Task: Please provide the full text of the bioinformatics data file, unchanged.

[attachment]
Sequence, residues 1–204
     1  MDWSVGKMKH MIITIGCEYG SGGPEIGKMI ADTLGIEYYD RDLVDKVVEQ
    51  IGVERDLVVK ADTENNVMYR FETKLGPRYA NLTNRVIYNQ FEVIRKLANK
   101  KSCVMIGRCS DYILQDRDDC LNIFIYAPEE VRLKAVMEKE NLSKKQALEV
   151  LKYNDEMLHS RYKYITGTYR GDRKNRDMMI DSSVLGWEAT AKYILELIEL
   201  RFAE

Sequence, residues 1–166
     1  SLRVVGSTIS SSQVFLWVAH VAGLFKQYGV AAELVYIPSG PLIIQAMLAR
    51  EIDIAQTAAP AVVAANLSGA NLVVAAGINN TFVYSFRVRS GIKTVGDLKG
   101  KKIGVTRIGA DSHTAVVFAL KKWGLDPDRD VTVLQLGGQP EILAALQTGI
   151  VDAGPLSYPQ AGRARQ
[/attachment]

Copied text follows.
Sequence, residues 1–204
     1  MDWSVGKMKH MIITIGCEYG SGGPEIGKMI ADTLGIEYYD RDLVDKVVEQ
    51  IGVERDLVVK ADTENNVMYR FETKLGPRYA NLTNRVIYNQ FEVIRKLANK
   101  KSCVMIGRCS DYILQDRDDC LNIFIYAPEE VRLKAVMEKE NLSKKQALEV
   151  LKYNDEMLHS RYKYITGTYR GDRKNRDMMI DSSVLGWEAT AKYILELIEL
   201  RFAE

Sequence, residues 1–166
     1  SLRVVGSTIS SSQVFLWVAH VAGLFKQYGV AAELVYIPSG PLIIQAMLAR
    51  EIDIAQTAAP AVVAANLSGA NLVVAAGINN TFVYSFRVRS GIKTVGDLKG
   101  KKIGVTRIGA DSHTAVVFAL KKWGLDPDRD VTVLQLGGQP EILAALQTGI
   151  VDAGPLSYPQ AGRARQ